living openly as a homosexual in todays society can be extremely dangerous.
This play was produced, with some trepidation, at Dickinson State University
in southwestern North Dakota in November of 2001. This essay explores certain
obstacles that the production faced and explicates various solutions implemented
as attempts to meet those obstacles. First, the obstacles are identified in
analyses of the various audiences for the production. Second, Stop Kiss
is examined in order to argue that this play, among all plays dealing with homosexual
issues, was an appropriate production choice for the attending audience. Third,
certain directorial choices, actor-training techniques, and community outreach
and publicity strategies employed by the production as responses to the obstacles
found in the other two audiences are discussed. Finally, some anecdotal evidence
of the success of the production is presented.
The director anticipated three different audiences for the Dickinson State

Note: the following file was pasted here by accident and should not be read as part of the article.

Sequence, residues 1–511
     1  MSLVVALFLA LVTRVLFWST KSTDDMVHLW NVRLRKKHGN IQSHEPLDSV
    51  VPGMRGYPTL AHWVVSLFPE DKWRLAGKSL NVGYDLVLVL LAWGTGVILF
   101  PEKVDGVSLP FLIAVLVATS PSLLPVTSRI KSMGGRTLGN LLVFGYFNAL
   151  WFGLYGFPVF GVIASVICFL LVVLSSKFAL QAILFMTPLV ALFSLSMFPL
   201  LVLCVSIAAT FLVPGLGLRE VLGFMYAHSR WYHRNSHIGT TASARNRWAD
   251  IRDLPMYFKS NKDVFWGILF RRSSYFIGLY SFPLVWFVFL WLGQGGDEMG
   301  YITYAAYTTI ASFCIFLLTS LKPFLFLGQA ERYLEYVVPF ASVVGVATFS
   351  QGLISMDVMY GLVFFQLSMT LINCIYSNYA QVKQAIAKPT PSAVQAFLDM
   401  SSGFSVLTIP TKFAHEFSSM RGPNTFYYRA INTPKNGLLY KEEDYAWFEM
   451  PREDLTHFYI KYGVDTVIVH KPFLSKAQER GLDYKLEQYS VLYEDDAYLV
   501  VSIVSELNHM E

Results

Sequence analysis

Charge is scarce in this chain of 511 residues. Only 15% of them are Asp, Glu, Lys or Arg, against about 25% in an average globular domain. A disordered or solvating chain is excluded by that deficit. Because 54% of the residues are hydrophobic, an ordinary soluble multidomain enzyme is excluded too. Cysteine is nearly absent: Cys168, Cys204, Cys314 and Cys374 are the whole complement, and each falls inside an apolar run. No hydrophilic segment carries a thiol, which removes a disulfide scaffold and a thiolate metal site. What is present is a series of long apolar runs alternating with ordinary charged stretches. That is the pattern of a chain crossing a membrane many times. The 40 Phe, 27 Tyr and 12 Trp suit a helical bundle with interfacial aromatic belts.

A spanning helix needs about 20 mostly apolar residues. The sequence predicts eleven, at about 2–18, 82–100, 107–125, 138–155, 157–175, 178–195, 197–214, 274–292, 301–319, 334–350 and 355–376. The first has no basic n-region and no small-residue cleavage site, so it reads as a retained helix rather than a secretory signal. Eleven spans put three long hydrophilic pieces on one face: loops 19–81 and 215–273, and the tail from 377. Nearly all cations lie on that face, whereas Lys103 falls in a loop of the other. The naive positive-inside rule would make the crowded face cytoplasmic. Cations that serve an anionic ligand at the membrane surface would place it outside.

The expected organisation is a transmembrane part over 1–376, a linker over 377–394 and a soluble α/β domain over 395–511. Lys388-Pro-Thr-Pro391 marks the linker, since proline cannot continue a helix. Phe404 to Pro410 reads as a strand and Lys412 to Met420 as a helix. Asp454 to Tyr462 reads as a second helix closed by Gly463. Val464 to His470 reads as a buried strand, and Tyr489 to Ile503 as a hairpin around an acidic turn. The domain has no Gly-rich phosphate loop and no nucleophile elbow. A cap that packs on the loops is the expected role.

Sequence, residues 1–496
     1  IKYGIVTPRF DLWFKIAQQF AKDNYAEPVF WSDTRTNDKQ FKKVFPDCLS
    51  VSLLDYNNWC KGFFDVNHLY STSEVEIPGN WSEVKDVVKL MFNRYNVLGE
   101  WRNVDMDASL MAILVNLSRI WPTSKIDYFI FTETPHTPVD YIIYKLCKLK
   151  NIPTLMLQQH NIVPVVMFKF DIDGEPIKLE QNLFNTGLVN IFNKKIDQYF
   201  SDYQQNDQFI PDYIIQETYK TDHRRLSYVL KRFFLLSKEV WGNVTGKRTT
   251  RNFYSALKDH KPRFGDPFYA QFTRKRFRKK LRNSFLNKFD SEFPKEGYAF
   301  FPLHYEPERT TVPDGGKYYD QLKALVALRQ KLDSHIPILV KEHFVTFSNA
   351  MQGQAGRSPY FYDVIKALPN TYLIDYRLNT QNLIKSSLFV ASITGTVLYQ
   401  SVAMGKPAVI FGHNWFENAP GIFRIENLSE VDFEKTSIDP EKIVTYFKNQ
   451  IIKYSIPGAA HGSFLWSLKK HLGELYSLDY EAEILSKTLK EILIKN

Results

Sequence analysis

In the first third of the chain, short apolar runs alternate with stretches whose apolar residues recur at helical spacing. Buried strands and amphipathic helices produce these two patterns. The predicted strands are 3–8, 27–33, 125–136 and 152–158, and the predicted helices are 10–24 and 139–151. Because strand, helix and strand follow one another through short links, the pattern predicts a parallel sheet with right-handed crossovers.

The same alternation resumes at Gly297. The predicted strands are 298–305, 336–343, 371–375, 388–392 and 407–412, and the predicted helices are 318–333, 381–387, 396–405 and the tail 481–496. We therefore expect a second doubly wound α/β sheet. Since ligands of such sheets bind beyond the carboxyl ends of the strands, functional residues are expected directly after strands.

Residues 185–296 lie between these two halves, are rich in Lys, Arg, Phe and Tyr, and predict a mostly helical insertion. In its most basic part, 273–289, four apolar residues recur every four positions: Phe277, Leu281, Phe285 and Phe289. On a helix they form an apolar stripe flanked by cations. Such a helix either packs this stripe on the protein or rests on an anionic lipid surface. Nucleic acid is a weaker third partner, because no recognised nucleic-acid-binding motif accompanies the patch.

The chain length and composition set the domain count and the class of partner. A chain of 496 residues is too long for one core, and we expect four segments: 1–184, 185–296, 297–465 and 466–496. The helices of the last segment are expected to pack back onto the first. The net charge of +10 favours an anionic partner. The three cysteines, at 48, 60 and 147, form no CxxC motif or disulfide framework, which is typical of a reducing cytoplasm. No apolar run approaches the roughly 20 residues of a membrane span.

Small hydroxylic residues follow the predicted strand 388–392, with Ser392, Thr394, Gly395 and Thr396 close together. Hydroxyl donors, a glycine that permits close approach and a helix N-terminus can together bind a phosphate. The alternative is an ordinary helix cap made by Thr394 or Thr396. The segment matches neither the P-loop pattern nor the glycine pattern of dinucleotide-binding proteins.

University production of. Of course, the individuals that would attend the performances
would constitute one audience. The students that would be in the cast and crew
would form another. Finally, although few would ever see the show, community
members made aware of the production through publicity and word of mouth would
make up, if not an actual audience, then an important context in which the production
The audience that typically attends Dickinson State University Theatre productions
is made up of Dickinson State students, faculty and staff and a particular group
of Dickinson community members. Primarily born and raised in rural areas of
the upper Midwest, the members of this audience are, on average, more conservative
than the national norm. They are predominantly of white Northern and Eastern
European ancestry. Most consider their religious faith an important part of